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PPIs linked to gastric cancer


Long-term use of proton pump inhibitors (PPIs) more than doubles the risk of gastric cancers, according to research published this week in Gut.

The Hong Kong-based study included over 63,000 people who had undergone successful eradication of Helicobacter pylori infections. H. pylori infections are linked to stomach cancer and their eradication reduces risk. But a significant number of those who have had the infection eradicated will still go on to develop stomach cancer.

In this cohort, 153 study participants went on to develop gastric cancer, with a median follow-up of 7.5 years. Those who did develop cancer were 2.4 times more likely to have been long-term users of PPIs. The cancer risk rose with higher dosages and longer-term use of PPIs: those who used PPIs daily more than quadrupled their risk of gastric cancer, while more than a year of regular use resulted in a fivefold increase in risk.

However, users of histamine H2 receptor antagonists (H2RAs), another common acid reflux therapy, did not see their risk of gastric cancer rise.

The study authors say that the association is likely to be related to the profound acid suppression of PPIs that worsens atrophic gastritis, a known risk factor in gastric cancer. They say the lack of an association with H2RAs and gastric cancer further supports a specific role for PPIs in gastric cancer development.

“Physicians should therefore exercise caution when prescribing long-term PPIs to these patients even after successful eradication of H. pylori,” the authors conclude.

Commenting on the study, Associate Professor Richard Ferrero, who heads up a GI infection and inflammation research group at the Hudson Institute of Medical Research in Melbourne, said a study published in 1996 first raised alarm over possible deleterious effects of PPIs, showing that people with a H. pylori infection increased their risk of cancer if they were on PPI therapy. Since then, H. pylori eradication has been recommended before long-term PPI treatment.

“This new study now shows that even a prior H. pylori infection increases the risk of gastric cancer in subjects receiving long-term PPI therapy,” Dr Ferrero said. “The work has important implications as PPIs, which are among the top 10 selling generic drugs, are commonly prescribed to treat heartburn.”

He said the study’s design eliminated a number of important confounding factors, although the authors were unable to obtain detailed histological findings on gastric biopsies from participants.

“This may have helped explain why stomachs that have previously been infected with H. pylori are more likely to develop cancer in response to long-term PPI treatment,” Dr Ferrero commented.

Recent studies have linked PPIs to a string of unwanted effects, including pneumonia, dementia, cardiovascular problems and bone fracture.

You can access the study here.

Is it time to stop prescribing PPIs?

Proton pump inhibitors remain a standard treatment for acid-related gastrointestinal problems, but a slew of recent studies have linked the drugs to a worrying range of potential problems.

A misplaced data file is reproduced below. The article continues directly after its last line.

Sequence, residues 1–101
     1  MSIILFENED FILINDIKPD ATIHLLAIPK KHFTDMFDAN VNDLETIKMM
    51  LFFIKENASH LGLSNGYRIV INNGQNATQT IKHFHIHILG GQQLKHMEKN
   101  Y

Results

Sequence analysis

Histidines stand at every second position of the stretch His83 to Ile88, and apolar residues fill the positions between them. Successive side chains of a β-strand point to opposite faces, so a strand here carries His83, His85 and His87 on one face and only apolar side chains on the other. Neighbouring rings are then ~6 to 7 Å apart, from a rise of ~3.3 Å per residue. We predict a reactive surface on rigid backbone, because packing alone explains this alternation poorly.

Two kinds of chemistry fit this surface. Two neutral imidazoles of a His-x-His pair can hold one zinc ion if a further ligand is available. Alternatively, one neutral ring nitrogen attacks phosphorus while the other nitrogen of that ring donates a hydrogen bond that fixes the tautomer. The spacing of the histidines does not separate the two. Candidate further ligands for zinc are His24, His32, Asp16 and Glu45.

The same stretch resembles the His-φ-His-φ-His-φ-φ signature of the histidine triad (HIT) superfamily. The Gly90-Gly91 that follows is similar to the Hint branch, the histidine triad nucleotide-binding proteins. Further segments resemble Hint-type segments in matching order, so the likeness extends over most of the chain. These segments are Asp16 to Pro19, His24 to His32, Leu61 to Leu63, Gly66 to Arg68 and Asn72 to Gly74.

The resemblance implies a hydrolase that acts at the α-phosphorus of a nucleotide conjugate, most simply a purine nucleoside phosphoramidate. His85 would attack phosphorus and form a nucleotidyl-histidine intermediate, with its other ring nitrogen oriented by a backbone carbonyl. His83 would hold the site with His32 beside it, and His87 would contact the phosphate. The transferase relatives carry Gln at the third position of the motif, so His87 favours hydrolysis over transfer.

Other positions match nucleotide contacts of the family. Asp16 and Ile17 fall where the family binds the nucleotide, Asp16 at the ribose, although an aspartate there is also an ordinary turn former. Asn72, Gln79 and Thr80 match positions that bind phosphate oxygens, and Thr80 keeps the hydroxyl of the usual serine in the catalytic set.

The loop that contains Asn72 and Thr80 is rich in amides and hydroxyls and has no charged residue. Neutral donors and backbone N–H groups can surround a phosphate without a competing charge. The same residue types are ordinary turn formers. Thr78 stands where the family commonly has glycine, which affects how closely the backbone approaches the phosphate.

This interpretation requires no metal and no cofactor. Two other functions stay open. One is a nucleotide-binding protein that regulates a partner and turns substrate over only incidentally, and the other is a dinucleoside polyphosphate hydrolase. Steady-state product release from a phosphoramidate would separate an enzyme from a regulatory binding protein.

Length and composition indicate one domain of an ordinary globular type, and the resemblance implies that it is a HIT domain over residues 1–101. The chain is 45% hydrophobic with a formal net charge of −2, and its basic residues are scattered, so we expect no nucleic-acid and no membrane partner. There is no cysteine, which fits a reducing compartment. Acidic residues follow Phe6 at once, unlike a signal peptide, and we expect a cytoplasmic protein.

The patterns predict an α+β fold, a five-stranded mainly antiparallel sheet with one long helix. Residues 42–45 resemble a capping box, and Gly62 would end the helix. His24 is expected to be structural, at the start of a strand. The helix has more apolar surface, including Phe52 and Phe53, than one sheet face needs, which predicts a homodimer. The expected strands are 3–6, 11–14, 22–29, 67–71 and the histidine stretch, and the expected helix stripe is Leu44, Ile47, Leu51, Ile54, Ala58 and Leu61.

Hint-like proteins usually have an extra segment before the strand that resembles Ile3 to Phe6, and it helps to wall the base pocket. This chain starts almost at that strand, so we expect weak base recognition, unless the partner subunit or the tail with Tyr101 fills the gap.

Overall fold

The latest of these, published this month in the American Journal of Gastroenterology, links PPIs to an increased risk of ischaemic stroke.

The Taiwanese study looked at the stroke risks of 200,000 people on a PPI treatment course compared with a similar number of matched controls. There was a 36% higher risk of stroke during a 120 day follow-up after PPI medication.

Gender, history of myocardial infarction, diabetes, hypertension, NSAID use or type of PPI taken had no effect on the risk.

The researchers cautioned that their study was retrospective and therefore couldn’t prove cause and effect. But they speculated PPIs could increase plasma levels of asymmetric dimethylarginine, which is a risk factor for cardiovascular events.

Here are some other recent studies which have placed a serious question mark over the prescribing of PPIs:

  • A meta-analysis published in JAMA earlier this year found that PPI use increased the risk of recurrent Clostridium difficile infection by more than half.
  • Regular users of PPIs have a 44% greater risk of dementia, according to a German study of 74,000 people aged 75 or older.
  • The Sax Institute’s 45 and Up study showed a 70% increased risk of hospitalisation for infectious gastroenteritis in people using PPIs.
  • PPI use has been linked to chronic kidney damage even in the absence of acute disease. A study compared 125,000 people on PPIs with 18,000 users of H2 blockers, which are generally prescribed for the same conditions. Those on PPIs were much more likely to develop kidney disease.
  • A large Australian study confirmed a link between PPIs and fracture risk. It found 35% of elderly women on PPIs were subsequently diagnosed with osteoporosis, compared with 24% not on PPI therapy.
  • And finally, an Italian study found that people discharged from hospital with a PPI prescription had a 50% higher risk of dying within the year compared with those discharged without PPIs.

PPIs are one of the most commonly prescribed gastric acid suppressants, with over 19 million scripts written annually in Australia.

But the dangers of long-term PPI use is becoming increasingly recognised, with some Australian hospitals insisting on a deprescribing plan for all patients discharged with a PPI script.

Last year, the Gastroenterological Society of Australia published its top five low-value practices and interventions as part of the EVOLVE initiative.

One of these recommendations was to stop prescribing long-term PPIs “without attempting to reduce the medication down to the lowest effective dose or cease the therapy altogether”.